The mean-squared filtered estimate of the system state at time k+1 is represented by , and it can be written in predictor-corrector form as shown in Figure 2 . Figure 2: Organization of Kalman filter as a predictor-corrector sequence.10

The similarities of the Kalman filter with other time-stationary results are striking. In the case of the best linear unbiased estimate (BLUE), its recursive structure may be written in an almost identical form except that we have no time prediction steps since we have access to no system state information for the BLUE. Its formulation is shown in Figure 3 . Figure 3: Recursive equation formulation for BLUE.

The recursive Kalman equations lend themselves very easily to implementation within a second-order digital phase-locked loop (DPLL). This has been done before in References 11 and 12.

Although the Kalman filter requires current information about the noise covariance in its execution through the Q and R matrices, it is particularly adept at improving the tracking performance in situations which are not time-stationary. As the structure content of the signal being tracked increases, the Kalman filter can deliver substantial performance gains over other methods that do not exploit state estimation.

PLL Applications
1. RF Frequency Synthesis Using Charge-Pump Based PLLs
The National Semiconductor line of Platinum frequency synthesizer devices revolutionized the world of frequency synthesis in the early 1990's by delivering unprecedented predictably-reliable phase noise performance in a highly-integrated low-cost device. These devices had a host of very nice features about them, but most notable was the low phase noise performance of the charge-pump phase detector along with the very low reference spur levels achievable. The excellent balance and leakage characteristics of the phase detector made it possible to implement a complete PLL with a very modest loop filter.

1. Classic Type-2 Charge-Pump Implementation
The circuit schematic for the classic type-2 fourth-order PLL is shown here in Figure 4 . The current noise sources associated with each resistor are shown shunted across each respective resistor, and the reference-related and voltage-controlled oscillator (VCO) self-noise make up the remainder of the major noise contributors. Figure 4: Circuit Diagram for type-2 fourth-order PLL using charge-pump phase detector.

The normal approach that is taken to analyze this kind of system is to solve the nodal equations for the appropriate transfer functions algebraically.4 . A streamlined approach is taken here where the same nodal equations are used but the customary algebraic manipulations are avoided by using matrix methods. The matrix equation that describes the circuit in Figure 4 can be quickly written down in Laplace transform form as: where Gi = (Ri )-1 and the Ij represent the Johnson current noise sources associated with each resistor. Analysis tools like Matlab and Mathcad can be used to numerically solve this equation for the transfer functions of interest and for closed-loop noise performance quantities. The noise current for the jth resistor is given as: and all of the noise sources are assumed to be statistically independent.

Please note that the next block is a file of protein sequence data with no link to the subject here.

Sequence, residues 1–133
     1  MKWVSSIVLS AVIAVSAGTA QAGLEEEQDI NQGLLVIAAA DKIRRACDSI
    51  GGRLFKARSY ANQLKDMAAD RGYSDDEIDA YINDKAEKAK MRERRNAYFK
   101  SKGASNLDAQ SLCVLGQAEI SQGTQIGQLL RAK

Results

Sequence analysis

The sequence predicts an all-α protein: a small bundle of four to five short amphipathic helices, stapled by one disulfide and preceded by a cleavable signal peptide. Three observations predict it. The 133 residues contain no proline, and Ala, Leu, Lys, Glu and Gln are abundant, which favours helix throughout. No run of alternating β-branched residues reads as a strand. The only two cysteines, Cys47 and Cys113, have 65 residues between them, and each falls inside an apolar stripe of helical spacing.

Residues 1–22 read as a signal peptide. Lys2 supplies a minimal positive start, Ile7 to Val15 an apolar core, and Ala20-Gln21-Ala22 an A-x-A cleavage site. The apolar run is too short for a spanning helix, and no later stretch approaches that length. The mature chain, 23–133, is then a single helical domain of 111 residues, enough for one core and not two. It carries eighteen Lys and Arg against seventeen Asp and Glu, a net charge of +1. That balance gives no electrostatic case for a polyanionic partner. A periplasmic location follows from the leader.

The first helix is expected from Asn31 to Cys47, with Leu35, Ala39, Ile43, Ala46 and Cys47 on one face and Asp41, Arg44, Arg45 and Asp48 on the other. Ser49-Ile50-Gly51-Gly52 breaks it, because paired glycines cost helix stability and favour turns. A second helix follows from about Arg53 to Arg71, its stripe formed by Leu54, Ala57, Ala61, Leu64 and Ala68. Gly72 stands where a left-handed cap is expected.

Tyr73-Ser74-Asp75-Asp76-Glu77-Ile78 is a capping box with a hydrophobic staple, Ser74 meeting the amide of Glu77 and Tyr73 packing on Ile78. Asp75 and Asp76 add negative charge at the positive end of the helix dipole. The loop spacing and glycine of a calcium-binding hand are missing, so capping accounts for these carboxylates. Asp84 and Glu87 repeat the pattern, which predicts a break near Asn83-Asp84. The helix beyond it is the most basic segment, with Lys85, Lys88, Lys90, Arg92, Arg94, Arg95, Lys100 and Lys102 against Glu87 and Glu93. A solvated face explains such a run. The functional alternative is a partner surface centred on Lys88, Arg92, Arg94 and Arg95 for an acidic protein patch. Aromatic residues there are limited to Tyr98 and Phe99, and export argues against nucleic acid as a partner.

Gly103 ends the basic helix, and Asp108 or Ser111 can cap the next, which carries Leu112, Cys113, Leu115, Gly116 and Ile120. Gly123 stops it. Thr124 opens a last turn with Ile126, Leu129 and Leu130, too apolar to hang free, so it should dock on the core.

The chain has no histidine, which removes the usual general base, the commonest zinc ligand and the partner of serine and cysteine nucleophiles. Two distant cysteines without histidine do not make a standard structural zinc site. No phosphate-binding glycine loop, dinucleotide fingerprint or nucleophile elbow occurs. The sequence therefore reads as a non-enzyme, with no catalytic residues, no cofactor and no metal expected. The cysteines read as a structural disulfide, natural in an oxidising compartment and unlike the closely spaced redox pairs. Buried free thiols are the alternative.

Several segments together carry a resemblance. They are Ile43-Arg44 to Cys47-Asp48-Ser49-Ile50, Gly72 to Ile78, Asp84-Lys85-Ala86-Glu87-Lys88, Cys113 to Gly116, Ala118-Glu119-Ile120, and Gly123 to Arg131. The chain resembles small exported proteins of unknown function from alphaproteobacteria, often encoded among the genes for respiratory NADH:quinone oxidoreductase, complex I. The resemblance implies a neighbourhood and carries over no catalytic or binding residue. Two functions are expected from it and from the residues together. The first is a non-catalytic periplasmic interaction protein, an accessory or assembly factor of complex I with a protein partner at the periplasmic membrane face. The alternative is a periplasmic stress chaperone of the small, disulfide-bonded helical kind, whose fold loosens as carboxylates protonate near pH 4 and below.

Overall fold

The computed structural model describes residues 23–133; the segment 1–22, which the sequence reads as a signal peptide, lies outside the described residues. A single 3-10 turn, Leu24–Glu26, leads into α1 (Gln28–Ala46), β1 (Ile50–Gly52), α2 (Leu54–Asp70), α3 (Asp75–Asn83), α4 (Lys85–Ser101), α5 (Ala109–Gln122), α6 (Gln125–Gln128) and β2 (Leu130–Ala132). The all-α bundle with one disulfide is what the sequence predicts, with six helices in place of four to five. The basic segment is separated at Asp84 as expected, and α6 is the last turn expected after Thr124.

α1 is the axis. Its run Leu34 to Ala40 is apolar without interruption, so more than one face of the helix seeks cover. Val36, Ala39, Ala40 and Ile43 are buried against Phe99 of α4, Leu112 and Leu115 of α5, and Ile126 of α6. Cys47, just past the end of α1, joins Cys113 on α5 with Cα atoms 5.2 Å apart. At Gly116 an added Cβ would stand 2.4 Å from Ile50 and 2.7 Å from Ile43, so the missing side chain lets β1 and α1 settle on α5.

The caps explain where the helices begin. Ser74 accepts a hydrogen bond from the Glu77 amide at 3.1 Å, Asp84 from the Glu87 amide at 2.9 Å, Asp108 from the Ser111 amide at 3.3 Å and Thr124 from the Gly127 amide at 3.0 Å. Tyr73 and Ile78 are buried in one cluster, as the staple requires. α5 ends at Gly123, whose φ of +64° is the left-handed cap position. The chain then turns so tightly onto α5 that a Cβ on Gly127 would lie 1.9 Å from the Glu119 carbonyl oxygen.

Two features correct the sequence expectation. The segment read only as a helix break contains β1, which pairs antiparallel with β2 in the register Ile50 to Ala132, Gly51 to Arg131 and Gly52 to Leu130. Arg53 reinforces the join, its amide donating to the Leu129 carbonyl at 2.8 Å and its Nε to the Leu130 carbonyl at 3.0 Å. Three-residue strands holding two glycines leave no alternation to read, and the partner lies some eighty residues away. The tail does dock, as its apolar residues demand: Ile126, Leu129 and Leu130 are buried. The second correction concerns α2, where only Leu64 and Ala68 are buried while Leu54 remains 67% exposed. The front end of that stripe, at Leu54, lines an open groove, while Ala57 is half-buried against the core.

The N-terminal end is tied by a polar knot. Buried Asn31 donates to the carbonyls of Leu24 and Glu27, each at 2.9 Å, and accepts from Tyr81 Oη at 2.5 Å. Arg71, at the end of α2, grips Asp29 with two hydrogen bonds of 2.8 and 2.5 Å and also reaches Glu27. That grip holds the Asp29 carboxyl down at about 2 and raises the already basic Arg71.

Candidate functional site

The phase detector referenced phase noise floor for the National Semiconductor Platinum series devices is given by: where LFloor = -205/-210/-211/-218 dBc/Hz for the LMX2315/LMX2306/LMX2330/LMX2346 devices respectively. This model or another can be used for the reference noise level represented in Equation 15 by θrn . Leeson's model can be similarly used for the VCO self-noise term represented by θvn in Equation 15, recognizing that this noise contribution is frequency-dependent as given by: in which F is noise factor, k is the Boltzmann's constant, To = 290 degrees Kelvin, P0 is the power extracted from the actual resonator in Watts, Fc is the VCO center frequency in Hz, and QL is the loaded resonator Q-factor. Additional terms are often added within the parenthesis to account for 1/f noise, etc., but these rarely survive the closed-loop action of the PLL and have consequently not been included here.

The transient response of the PLL to a step-change in phase or frequency can be similarly computed using numerical techniques. The approach taken here is to substitute the Laplace transform of a step-frequency error given by 2πΔ F/s2 in for θvn in Equation 15, and then compute the Fourier transform for θVCO at an equally-spaced grid of frequencies from which the inverse FFT provides the time-domain response. An example time-domain response is shown in Figure 5 . The ensuing details for both of these example results have purposely been omitted for brevity whereas they can be found online.6 Figure 6: Example time-domain response to step-frequency change using FFTs.

Several design procedures are available for designing “optimal” PLL loop filters. Whenever the word optimal is used however, designers should ask the question, “Optimal with respect to what criteria?”

Some communication systems are primarily concerned with frequency error whereas others are concerned with phase error. If the wrong criteria is adopted, the design can often result in being more difficult than necessary. It is therefore very attractive to have an interactive tool that permits a simultaneous examination of both the time as well as output spectrum domains.

Phase Noise Impact on Communication Systems